Most Reverend Vincent Long Van Nguyen OFM Conv DD STL, Bishop of Parramatta
Homily for the 32nd Sunday in Ordinary Time, Year A, and the 35th anniversary of the dedication of the church at The Good Shepherd Parish, Plumpton
Readings: Wisdom 6:12-16; Psalm 62(63):2-8; 1 Thessalonians 4:13-18; Matthew 25:1-13
11 November 2023
Wisdom that engages with the manifestations of the Spirit
Dear sisters and brothers,
It is with gratitude to God that we gather to commemorate the 35th anniversary of this church which has been a place of worship, a spiritual oasis and a missionary outreach for us. I have fond memories of the local Capuchin community and their impact on the lives and relationships of the people entrusted to their care over the years. As we give thanks to God for this symbol of His presence, we pay tribute to the friars and parishioners who have contributed to the rich heritage of Good Shepherd Parish.
When Pope Francis began his pontificate, the people gathered at St Peter’s Square and many of them carried banners that read “go and rebuild my church”. It was of course a reference to St Francis’ dream in which he was told to rebuild the church that was falling to ruins. This evening, as we celebrate this magnificent legacy, let us commit ourselves to the task of rebuilding the Body of Christ according to the pattern of poverty, humility, simplicity and servant-leadership in the best of our Franciscan tradition.
The Word of God this 32nd Sunday calls us to live our lives with a kind of spiritual attentiveness that allows us to engage with the manifestations of the Spirit. This is the key to how one can discern God’s will and respond accordingly, as shown by Abraham and Sarah, Mary and Joseph and indeed the saints of God throughout the ages.
The first reading exhorts believers to acquire the gift of wisdom. In a poetic fashion, the author compares wisdom to a faithful companion. She will make herself known to those who desire her. Those who seek wisdom will find her at the gates, that is, they will make right judgments. All the while, it is the wisdom that enables us to align our hearts and minds to God’s purposes.
It is no accident that the early Christian community saw in Jesus the divine wisdom personified. He is the manifestation of the wisdom of God who taught us how to transform our lives and relationships through a new consciousness. The disciples must change their default conventional wisdom into the wisdom of the cross, based on self-emptying love. In Jesus, we have a model of living life to the full, in service of others. In him, an alternative consciousness and mode of living is possible that will enable us to be the light of the world.
In the Gospel, Jesus uses the parable of the bridesmaids to remind his disciples of the need to be alert and responsive. It is a kind of spiritual sensitivity and vigilance that allows us to discern God’s presence and action in the world and to make a faithful response to it. The parable stresses the element of waiting in the dark of night as a symbol of transition. Night is a liminal interval, a time in which one stands between the old and the new. We must learn to listen in silence and stillness in order to discern and act according to the promptings of the Holy Spirit. Activism without mysticism is empty of spiritual dimension.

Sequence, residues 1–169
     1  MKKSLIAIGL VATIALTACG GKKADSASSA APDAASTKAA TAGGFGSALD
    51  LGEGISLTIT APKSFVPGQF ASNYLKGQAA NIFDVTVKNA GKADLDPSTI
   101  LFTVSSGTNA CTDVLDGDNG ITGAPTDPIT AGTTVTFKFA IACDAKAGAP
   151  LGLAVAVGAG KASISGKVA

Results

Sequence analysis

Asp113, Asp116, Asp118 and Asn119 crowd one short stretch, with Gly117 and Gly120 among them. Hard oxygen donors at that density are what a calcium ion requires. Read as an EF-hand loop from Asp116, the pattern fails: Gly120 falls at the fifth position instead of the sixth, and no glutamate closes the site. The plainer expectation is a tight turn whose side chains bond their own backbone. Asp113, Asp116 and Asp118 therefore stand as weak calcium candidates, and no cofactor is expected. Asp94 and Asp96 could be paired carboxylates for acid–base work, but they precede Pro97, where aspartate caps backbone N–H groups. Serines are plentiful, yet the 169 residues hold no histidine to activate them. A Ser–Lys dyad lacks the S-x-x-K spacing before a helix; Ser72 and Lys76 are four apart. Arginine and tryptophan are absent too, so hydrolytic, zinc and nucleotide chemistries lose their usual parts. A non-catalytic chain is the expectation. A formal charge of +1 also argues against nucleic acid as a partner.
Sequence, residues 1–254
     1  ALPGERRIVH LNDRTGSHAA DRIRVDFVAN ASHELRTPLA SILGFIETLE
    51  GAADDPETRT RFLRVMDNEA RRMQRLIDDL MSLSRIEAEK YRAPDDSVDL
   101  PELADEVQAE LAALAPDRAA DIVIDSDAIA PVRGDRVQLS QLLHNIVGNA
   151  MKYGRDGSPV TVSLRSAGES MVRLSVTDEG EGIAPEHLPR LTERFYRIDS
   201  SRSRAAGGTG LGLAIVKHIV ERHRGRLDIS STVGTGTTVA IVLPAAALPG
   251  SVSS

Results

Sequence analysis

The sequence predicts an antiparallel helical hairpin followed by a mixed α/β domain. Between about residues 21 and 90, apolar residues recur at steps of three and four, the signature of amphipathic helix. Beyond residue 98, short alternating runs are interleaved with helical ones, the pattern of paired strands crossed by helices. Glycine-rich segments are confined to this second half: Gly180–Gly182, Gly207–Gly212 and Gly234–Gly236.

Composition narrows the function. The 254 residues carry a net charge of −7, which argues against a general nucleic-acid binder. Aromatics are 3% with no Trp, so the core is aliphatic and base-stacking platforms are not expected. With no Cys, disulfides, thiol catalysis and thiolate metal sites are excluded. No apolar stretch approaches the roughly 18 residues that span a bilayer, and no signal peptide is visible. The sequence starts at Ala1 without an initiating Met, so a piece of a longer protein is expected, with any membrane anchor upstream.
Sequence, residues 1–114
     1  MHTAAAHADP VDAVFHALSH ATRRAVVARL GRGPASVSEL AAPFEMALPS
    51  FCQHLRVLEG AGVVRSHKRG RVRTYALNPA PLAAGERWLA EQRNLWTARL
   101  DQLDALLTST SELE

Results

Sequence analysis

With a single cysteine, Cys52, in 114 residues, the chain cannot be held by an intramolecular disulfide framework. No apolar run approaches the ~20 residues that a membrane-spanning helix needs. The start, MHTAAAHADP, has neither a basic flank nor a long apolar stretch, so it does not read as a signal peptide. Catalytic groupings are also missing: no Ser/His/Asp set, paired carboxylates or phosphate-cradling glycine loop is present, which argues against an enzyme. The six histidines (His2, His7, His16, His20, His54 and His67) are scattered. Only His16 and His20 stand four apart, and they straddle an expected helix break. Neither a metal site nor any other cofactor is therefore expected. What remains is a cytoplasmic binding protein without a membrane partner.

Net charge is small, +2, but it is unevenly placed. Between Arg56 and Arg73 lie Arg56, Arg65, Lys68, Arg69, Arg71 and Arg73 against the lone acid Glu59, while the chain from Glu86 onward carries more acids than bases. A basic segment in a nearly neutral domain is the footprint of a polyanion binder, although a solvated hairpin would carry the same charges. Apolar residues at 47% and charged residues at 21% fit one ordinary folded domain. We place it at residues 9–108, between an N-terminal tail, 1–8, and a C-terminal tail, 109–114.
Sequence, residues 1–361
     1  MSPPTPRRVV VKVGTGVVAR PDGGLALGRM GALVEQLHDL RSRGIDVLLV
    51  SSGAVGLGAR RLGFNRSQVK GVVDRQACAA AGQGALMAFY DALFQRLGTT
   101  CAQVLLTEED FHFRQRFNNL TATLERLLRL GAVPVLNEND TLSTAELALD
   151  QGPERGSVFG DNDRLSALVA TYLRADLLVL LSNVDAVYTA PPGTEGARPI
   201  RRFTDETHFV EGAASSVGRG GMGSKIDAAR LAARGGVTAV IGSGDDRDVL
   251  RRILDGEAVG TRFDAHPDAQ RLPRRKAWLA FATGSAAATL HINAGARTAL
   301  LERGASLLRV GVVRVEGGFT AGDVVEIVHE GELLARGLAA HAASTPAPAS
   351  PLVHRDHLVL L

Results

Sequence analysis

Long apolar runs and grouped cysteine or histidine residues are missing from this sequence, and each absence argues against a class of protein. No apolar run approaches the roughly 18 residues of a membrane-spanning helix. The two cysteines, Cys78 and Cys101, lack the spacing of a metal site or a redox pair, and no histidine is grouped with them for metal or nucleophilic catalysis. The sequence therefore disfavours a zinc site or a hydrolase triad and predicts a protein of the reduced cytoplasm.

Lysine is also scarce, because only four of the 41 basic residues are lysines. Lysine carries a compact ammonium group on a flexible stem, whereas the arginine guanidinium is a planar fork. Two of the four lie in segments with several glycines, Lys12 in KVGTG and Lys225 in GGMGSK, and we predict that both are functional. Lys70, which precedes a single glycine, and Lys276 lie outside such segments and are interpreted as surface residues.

The parable contrasts the attitude of the foolish and that of the wise bridesmaids. The latter carry their lamps filled with oil while the former have empty lamps. Matthew often uses small but significant symbols to highlight the importance of authentic discipleship. Thus, for instance, in the parable of the wedding banquet, the guest without the garment is disinvited and removed. The garment stands for one’s commitment to Christian living without which there is no admittance to the kingdom. Likewise, there is no substitute for the oil of service, love and compassion.
For Matthew and the early Christian community, it is the efficacy of faith that matters. True discipleship consisting of selfless service to the least and the last is what puts us in good stead before the judgment seat of God. The claim of familiarity by the foolish virgins parallels another Matthean passage: “Not everyone who says to me ‘Lord Lord’ will enter the kingdom of heaven.” It is not one’s status, privilege and entitlement but discipleship in action that counts. Jesus repudiates the Pharisaic notion that worthiness is based on one’s attributes, abilities and connections rather than personal integrity.
Dear sisters and brothers.
Our celebration of this milestone anniversary is a time of gratitude, trust and joyful hope in the future. We are grateful for what has been achieved. But we are also confident of a hope-filled future knowing that God will guide our efforts to model the Kingdom community and bring them to fruition. As we walk in the footsteps of our forebears, we renew our commitment to seek justice for the oppressed, care for the vulnerable, hospitality for the unwelcomed, shelter for the homeless, food for the hungry and the fullness of life for all.
In this time of war in the Holy Land and many other places, let us be witnesses to the Gospel of solidarity, justice, peace and human dignity of all. Things may be disheartening now but the future belongs to God and we must not lose heart but must act in favour of that future. May we become catalysts for a better Church, a better society and a better world. Then we can truly be the conduit of Gospel and the sign of hope for all. Let us live by this kingdom ethic and put into action a new paradigm of shared humanity, equality, inclusion and human flourishing.